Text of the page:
Storey Publishing, May 2015
144 pages, $14.95
I love cookbooks that teach me something, and Brooke Dojny’s Chowderland did just that. Specifically, I, a cook from south Louisiana, did not know that there were so many styles of chowder. And chowder is a favorite meal of political marching societies? Who knew?
Dojny does an excellent job with chowder history, and she even includes the provenance and importance of chowder crackers. She also explains the differences in regional chowders, and includes basic recipes for Maine-style Haddock Chowder, Rhode Island Clear Clam Chowder, and a farmhouse Parsnip Chowder popular in Vermont. There’s also chowders from the west coast, along with a good selection of vegetable chowders, something that most folks outside the Northeast don’t know exist.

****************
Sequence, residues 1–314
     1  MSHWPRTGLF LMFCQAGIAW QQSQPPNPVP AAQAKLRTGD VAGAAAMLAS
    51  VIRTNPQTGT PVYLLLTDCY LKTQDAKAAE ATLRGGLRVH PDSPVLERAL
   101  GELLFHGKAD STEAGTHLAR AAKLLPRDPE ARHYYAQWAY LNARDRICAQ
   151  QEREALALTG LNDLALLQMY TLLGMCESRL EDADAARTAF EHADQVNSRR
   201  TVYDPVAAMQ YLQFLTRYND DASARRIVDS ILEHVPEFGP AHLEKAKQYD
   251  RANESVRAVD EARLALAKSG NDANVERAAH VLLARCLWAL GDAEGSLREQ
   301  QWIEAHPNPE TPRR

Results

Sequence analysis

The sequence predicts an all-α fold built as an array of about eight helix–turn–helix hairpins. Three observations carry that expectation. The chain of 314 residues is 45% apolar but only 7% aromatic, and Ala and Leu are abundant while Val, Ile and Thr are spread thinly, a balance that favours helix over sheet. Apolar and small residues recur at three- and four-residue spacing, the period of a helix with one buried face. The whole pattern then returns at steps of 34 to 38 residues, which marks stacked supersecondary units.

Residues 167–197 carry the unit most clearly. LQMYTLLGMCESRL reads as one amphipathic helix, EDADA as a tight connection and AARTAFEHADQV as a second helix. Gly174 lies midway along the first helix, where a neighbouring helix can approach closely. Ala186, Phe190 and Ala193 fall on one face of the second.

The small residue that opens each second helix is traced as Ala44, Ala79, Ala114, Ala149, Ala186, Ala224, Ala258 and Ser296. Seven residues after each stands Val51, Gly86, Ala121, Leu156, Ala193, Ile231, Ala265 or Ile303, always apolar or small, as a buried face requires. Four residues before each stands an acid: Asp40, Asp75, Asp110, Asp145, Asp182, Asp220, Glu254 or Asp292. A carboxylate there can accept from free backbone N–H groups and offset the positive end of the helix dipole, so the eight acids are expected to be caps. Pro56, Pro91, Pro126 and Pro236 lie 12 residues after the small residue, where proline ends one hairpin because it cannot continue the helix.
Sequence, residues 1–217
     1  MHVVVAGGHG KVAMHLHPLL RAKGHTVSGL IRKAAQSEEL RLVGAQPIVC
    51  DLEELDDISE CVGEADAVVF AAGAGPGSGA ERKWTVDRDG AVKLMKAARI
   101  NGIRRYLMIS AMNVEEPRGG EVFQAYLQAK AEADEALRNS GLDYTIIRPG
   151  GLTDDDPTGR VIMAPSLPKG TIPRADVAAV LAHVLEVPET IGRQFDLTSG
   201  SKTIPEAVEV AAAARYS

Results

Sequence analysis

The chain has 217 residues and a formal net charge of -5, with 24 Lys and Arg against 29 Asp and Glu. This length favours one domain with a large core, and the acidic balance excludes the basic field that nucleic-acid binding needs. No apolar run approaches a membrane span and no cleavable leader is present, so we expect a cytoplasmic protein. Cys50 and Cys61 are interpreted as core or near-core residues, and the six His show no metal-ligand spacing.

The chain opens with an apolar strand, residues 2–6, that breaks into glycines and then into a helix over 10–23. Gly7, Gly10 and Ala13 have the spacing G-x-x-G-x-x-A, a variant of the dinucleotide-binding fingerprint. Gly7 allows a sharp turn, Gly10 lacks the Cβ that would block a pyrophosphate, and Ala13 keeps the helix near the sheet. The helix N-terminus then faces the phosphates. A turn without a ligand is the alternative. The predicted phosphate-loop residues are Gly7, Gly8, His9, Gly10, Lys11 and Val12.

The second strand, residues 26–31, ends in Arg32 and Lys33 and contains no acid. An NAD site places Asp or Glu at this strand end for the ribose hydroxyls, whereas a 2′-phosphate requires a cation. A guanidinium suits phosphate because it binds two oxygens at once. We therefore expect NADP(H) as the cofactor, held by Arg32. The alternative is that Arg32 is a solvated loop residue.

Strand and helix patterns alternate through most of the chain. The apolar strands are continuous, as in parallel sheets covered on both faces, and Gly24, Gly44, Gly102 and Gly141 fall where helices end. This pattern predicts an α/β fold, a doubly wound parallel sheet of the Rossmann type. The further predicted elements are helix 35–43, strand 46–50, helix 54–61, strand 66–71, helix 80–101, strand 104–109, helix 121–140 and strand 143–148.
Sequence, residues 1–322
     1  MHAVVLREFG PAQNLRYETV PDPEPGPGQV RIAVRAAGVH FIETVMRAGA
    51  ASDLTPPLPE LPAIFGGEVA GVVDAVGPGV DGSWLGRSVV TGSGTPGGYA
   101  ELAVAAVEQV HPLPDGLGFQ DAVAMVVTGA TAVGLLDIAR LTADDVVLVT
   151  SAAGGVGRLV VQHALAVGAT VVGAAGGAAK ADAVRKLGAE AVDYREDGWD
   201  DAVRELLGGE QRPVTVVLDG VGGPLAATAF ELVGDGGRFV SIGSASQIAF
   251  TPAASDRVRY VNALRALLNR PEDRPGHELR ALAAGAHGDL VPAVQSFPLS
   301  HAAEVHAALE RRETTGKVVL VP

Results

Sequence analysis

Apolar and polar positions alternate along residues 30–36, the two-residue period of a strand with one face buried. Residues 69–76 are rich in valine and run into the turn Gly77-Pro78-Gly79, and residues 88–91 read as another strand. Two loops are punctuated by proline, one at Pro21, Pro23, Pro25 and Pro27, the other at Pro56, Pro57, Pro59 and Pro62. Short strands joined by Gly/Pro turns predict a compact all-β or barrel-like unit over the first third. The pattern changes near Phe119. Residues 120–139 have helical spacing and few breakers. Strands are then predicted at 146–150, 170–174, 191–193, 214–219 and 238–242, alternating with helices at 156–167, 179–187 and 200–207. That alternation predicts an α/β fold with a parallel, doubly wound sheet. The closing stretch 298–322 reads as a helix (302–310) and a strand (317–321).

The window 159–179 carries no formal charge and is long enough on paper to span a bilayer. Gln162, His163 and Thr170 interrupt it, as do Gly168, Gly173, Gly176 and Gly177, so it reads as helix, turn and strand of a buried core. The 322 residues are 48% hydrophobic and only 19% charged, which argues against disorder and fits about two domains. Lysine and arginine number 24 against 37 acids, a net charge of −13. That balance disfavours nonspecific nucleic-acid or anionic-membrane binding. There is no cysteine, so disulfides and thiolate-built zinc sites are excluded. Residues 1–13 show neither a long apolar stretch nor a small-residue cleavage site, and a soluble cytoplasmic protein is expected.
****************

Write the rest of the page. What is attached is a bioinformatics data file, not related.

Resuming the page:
I was a little surprised to see a recipe for Creole Seafood Gumbo. I certainly don’t consider gumbo a chowder, but she slipped in a chapter titled Splendid Seafood Stews and Bisque, so I suppose gumbo can fit in. And the gumbo recipe is authentic — to New Orleans.
This book is fairly slim, with only about 60 recipes. And the last few chapters are on breads and sweets. But if you don’t know much about chowder, this is a good book to start with. The recipes are well written, the photographs make everything look irresistible, and you’ll learn something.